Written in ‘Buzzer’ dug-out, Somewhere in France. Feb 1916.
” We have been getting that sort of weather that gets on a man’s nerves, rain and mud up to your waist. When you walk one yard, you slip back two! Still the boys keep merry and bright.
Do not think I am sad and gloomy; far from it. I only hope that God spares me to see this busines through. They tell me that the Germans are running out of ammuntion? And I expect that you read in the newspapers where they fired a 1’000 shells at our little bit of front-line. All I know is that they fired off a good many, but I did not stick around to count them. Happily none of our lads were hurt.
We had our Christmas in the trenches, this makes two now for me, the next one, at home with you I hope. There was no truce this time, our artillery chaps sent the Huns Christmas puddings with lead in them. We came out of the front -line on the 29th December, of course we did not get duck or turkey, but we still had an enjoyable time. As we sat down to our late Christmas lunch, the Hun artillery sent over their good wishes in the shape of 4 ‘Coal-boxes’*, which dropped not 40 yards from us. Nil damage. I am as always much indebted to you and the people of the village for all your gifts and many kindness’s.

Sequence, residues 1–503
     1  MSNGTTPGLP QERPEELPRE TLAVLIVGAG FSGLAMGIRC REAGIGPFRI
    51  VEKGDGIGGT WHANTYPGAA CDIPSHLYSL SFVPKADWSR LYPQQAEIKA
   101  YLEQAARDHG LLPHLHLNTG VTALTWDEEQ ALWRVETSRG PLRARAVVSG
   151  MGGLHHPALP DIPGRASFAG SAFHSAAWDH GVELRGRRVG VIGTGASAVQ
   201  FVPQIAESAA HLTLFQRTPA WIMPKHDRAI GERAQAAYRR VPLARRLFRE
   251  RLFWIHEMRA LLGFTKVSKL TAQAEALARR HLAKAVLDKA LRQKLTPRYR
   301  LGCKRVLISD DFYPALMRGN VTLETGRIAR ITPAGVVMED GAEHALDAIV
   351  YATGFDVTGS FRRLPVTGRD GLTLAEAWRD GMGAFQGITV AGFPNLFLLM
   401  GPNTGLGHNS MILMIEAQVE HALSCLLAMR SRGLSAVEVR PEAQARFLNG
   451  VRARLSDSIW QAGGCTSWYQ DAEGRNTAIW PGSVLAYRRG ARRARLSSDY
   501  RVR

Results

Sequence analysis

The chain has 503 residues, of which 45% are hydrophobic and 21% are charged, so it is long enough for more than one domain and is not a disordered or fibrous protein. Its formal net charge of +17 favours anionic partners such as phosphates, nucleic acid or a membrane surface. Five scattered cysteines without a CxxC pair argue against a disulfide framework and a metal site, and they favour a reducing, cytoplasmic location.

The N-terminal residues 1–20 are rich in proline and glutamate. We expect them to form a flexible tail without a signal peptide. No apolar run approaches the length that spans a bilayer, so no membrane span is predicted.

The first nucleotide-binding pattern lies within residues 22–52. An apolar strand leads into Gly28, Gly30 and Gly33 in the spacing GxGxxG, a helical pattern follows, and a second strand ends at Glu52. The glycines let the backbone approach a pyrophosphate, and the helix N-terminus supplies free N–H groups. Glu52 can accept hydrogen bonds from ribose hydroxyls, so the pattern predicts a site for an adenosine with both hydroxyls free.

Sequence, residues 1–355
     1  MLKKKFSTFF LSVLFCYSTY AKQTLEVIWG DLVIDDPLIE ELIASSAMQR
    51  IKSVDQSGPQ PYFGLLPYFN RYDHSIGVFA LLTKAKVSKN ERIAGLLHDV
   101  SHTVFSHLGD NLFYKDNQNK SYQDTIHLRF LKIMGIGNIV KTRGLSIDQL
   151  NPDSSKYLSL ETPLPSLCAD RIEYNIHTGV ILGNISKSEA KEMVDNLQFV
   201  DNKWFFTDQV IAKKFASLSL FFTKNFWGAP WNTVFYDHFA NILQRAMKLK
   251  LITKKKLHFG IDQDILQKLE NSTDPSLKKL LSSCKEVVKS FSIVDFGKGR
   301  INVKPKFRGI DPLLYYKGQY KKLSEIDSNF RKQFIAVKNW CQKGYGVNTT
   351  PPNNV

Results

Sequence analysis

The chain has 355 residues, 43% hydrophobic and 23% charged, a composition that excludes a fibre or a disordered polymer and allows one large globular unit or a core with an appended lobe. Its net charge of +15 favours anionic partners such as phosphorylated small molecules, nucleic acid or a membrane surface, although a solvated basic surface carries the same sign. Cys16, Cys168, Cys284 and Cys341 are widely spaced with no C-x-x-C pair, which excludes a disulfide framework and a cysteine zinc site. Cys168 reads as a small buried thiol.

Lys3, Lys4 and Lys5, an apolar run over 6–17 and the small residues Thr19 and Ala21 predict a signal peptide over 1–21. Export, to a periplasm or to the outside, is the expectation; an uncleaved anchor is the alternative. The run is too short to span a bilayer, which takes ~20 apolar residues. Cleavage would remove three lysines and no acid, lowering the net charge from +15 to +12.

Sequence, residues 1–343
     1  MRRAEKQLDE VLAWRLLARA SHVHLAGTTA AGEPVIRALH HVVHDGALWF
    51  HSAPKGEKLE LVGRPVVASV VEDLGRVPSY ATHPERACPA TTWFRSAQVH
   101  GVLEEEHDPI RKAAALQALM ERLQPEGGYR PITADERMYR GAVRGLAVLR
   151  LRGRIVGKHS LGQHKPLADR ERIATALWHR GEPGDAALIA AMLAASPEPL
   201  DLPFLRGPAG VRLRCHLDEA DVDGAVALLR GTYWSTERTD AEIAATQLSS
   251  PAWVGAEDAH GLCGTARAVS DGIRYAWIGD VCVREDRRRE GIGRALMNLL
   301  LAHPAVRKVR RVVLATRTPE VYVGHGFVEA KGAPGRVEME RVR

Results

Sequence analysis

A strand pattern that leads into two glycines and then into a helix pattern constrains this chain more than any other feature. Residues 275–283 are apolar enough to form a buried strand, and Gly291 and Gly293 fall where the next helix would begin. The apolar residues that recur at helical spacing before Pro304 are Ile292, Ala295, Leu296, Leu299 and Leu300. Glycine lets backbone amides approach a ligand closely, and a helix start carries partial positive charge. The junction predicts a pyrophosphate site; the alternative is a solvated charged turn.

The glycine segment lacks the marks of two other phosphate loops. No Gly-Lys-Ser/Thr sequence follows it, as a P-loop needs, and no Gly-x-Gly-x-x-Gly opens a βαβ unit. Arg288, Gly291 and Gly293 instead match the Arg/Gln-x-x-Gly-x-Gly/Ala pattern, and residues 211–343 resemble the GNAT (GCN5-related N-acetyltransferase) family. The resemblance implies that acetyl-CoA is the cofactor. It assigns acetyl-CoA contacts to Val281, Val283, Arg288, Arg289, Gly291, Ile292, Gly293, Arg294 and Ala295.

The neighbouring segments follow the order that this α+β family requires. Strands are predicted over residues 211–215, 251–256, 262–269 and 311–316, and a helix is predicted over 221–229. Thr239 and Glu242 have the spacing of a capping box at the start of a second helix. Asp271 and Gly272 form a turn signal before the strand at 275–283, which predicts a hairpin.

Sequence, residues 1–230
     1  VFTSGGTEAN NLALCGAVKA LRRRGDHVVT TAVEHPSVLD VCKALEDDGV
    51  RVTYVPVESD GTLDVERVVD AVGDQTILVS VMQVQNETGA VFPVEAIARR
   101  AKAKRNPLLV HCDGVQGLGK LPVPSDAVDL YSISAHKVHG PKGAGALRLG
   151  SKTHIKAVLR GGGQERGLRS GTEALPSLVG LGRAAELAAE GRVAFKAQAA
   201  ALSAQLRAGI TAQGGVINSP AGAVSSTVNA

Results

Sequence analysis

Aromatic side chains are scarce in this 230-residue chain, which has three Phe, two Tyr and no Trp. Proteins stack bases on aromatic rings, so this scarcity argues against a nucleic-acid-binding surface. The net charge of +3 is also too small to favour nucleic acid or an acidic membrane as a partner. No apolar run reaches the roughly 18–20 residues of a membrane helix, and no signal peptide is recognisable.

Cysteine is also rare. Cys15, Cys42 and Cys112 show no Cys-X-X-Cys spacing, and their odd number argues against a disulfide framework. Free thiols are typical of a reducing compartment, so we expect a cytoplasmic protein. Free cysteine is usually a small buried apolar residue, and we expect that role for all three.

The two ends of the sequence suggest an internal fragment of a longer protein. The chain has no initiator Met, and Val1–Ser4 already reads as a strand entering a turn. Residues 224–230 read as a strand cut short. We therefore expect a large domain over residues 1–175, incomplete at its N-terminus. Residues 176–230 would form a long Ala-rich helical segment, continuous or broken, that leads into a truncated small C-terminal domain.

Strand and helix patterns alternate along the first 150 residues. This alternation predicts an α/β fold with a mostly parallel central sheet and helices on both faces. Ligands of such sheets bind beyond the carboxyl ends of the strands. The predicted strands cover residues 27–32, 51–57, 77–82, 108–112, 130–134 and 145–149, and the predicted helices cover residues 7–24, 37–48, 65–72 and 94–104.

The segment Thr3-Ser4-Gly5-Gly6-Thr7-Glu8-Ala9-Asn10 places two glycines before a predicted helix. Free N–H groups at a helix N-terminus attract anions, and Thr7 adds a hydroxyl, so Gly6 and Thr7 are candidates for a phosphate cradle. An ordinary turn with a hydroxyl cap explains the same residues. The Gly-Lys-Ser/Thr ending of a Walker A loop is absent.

* A Coal-box was a German 5.9mm, High explosive shell. It could make a crater approx: 36 feet in dia. X 18 feet deep. And burst with a lot of black oily smoke, hence the name.
Pte 6467 Emmanuel Goss. S.L.I. Was killed in action at the Somme, on 1/7/1917 and is buried at Serre Military Cemetery, France.
He was born in Llangeinor.